Anyway down safely, clambering over all the rocks again and a “little” tired, we went in search of the true source of the Amazon.
The first plaque – very colourful and pretty, we come to was put there by the Brazilians who thought they had found the true source...not quite as it turned out. They had missed it by about 100 meters. Following Eloy’s instruction we walked further round to find a brass plaque and a beautiful little inlet with very clear water flowing freely out and down the mountain. Little icicles were in the areas unheated by the sun. This place felt very special. We all did feel the need to drink some of this very special water and lift a little stone to commemorate our journey here. It was really beautiful as you can see from my photos on facebook. I think at this stage a bit of hysteria set in with some of the team, namely Carol and Paul, as the adrenaline rush wore off and they realised what they had just done...with lots of laughing and splashing of water. I needless to say was still a little quiet and fatigued watching them.
Eloy then beckoned us on further and we came to a beautiful little waterfall discovered by Lauren McIntyre as the true source. There is not much between the two places to be honest. Here there were many icicles and beautiful shapes so when I was persuaded to stick my head under, it was rather cold!! It was refreshing though.
After a time here we all headed back to the cars and found lunch being prepared. As the photographers were wandering around it was felt they could be some time so lunch would be best prepared here...boy, it was lovely...avocado, tuna, ham, cheese, tomato and bread. Yum,yum...after such an early start and only a little breakfast and snacks we were ready for it.
By 1pm we were packed and ready to leave on the next part of the adventure.. This part was to see if this road really was a proper road and that we didn;t have to double back on ourselves....On the map it looked as if we should be able to continue on...and a man on a bike had said “yes” just don’t turn left for the mine – turn right....How could we go wrong?????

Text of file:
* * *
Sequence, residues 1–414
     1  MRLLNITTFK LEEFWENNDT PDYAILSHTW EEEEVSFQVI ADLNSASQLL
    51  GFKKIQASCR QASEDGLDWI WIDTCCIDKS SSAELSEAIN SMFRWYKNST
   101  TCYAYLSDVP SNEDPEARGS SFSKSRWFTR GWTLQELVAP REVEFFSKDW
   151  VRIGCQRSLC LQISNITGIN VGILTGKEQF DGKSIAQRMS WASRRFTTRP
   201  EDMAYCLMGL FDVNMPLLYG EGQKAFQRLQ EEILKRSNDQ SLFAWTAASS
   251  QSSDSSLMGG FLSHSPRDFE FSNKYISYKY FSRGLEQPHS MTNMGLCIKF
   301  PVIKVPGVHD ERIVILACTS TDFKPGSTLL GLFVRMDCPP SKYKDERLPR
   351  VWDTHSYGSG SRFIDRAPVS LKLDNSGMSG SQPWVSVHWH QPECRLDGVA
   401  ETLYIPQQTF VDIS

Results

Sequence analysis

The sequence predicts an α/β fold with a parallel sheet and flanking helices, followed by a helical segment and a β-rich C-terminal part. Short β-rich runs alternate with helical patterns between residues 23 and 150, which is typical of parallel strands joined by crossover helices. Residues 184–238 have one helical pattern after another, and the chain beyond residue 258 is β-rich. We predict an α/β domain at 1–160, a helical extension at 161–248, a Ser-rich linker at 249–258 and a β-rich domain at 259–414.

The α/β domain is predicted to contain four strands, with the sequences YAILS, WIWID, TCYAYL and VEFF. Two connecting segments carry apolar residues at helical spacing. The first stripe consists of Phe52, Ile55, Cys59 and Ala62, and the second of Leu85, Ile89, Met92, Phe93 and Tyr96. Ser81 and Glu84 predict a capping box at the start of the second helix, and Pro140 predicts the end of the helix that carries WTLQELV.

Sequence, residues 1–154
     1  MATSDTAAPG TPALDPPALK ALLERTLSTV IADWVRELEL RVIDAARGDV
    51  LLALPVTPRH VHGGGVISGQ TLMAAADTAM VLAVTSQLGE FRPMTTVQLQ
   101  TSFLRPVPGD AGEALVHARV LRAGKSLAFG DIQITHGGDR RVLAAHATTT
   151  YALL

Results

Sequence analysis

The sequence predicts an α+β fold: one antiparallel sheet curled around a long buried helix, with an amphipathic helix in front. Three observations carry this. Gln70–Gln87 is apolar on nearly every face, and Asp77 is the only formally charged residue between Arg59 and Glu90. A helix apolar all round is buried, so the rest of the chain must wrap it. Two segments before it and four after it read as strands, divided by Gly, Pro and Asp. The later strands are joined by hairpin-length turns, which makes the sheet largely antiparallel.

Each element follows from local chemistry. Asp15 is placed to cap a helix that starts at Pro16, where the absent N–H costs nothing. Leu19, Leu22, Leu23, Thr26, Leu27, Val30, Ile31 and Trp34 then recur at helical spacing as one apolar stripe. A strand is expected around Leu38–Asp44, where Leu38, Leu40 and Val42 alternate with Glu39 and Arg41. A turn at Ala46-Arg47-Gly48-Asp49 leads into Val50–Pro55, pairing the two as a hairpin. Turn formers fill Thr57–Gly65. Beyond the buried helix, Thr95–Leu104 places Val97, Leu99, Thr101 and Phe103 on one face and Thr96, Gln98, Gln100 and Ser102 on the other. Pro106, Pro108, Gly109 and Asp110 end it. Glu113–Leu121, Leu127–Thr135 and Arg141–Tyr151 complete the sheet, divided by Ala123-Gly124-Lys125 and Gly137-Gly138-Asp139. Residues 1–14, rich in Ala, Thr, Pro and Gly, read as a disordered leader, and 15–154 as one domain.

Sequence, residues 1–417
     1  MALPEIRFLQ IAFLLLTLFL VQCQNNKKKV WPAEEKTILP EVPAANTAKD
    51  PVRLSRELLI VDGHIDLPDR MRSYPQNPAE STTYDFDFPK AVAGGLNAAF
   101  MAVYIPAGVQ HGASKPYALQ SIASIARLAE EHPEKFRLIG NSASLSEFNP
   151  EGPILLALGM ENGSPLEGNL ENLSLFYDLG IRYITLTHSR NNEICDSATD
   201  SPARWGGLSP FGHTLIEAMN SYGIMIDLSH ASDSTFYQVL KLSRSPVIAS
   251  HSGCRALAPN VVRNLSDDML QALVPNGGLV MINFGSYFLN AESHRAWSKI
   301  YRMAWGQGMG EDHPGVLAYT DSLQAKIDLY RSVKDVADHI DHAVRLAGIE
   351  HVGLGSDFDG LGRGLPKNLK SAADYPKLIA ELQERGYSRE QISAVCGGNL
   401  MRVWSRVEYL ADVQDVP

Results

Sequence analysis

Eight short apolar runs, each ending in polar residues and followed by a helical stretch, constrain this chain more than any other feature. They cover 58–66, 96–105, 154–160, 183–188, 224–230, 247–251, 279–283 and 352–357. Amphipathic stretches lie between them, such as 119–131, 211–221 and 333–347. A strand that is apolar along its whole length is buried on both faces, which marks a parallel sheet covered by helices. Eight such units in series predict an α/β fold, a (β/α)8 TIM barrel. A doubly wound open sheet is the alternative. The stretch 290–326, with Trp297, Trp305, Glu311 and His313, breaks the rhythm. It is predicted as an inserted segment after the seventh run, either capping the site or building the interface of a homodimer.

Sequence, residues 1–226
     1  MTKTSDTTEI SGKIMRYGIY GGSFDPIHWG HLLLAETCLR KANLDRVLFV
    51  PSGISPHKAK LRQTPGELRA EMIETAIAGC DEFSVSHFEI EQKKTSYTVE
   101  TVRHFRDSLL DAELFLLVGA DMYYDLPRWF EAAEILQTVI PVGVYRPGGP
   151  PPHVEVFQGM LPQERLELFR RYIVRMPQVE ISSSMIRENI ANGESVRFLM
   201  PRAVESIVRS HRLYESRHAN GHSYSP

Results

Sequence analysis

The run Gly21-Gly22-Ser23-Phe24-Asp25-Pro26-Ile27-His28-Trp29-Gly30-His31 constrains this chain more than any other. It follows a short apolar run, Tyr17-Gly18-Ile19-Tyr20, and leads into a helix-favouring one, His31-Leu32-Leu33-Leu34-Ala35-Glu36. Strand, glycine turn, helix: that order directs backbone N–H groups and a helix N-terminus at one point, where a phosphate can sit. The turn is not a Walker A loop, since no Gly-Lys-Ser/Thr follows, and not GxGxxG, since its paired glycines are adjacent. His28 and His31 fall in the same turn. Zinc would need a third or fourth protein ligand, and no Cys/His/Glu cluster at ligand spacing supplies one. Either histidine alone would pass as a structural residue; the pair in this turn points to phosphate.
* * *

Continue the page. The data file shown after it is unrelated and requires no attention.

Off we set with us leading and Rob following. To begin with it was all flat with no definition and no real road. I had asked Ronaldo how he had got on going back to base camp...he had got there eventually was his reply!! It was very pretty if a little barren and seeing vicunas (very rare and shy creatures) running across the plain in a small herd of about 9 was pretty special. As before, the road soon required 4 wheel-drive so it was slow going. We came to the first of our decisions. One road went straight on and one went up a slight incline disappearing shortly after that. We opted for straight on. Within another 15 mins another road disappeared to the right. This must be the road so down we went. It was very rough!! In a matter of 10-15 mins we came to a dead end...the road just ran out!! Rob came up behind us and asked about the direction and whether we were using GPS. The answer was no so he took the map and did GPS it. It was decided to go back to the last junction and go straight on this time. Again a rough road, fording small rivers and finding new paths as the road was too rough to continue. After about another 40 minutes the road ran out again!! This time the road ran out at a river with a quite a steep banking. However there was a main road above, so tantalisingly close!! There was a big discussion about whether we could ford the river but the decision was to turn back and head for the first junction – up the hill. We had obviously lost a lot of time doing all of this but spirits were still reasonably high especially when it really did look like the correct road once we reached it. Eloy was relatively quiet for most of the journey as he was unsure of the road. The reference to the man on the bike did keep coming up though! As we continued along this, now much better, road the general feeling was we were on the right track at last....yey! We soon came to a turn in the road that led to the mine and we turned right....the man on the bike had been right!! The road soon deteriorated into what we had become accustomed to – fording rivers, avoiding huge trenches of mud in the road by creating a new path and avoiding huge boulders. This was slow going as you really couldn’t rush it especially with heavily laden jeeps. When we reached a nice stretch of road where we could speed up a little, it was short-lived. The road also seemed to go on, and on, and on!! It was not all bad though as we saw lots of beautiful scenery, rock formations, vicunas, (small deer), viscatchas (like chinchillas) and herds and herds of alpacas, a few llamas and many different types of birds.....WONDERFUL As we slowly picked our way along this road Carol suddenly turned round and said, ”Is it your birthday today Heather?” I replied yes. She was so apologetic at forgetting and being a poor friend wishing me a happy birthday, as did the rest. She asked if I had forgotten. I said no... I had remembered at 3.30 that morning!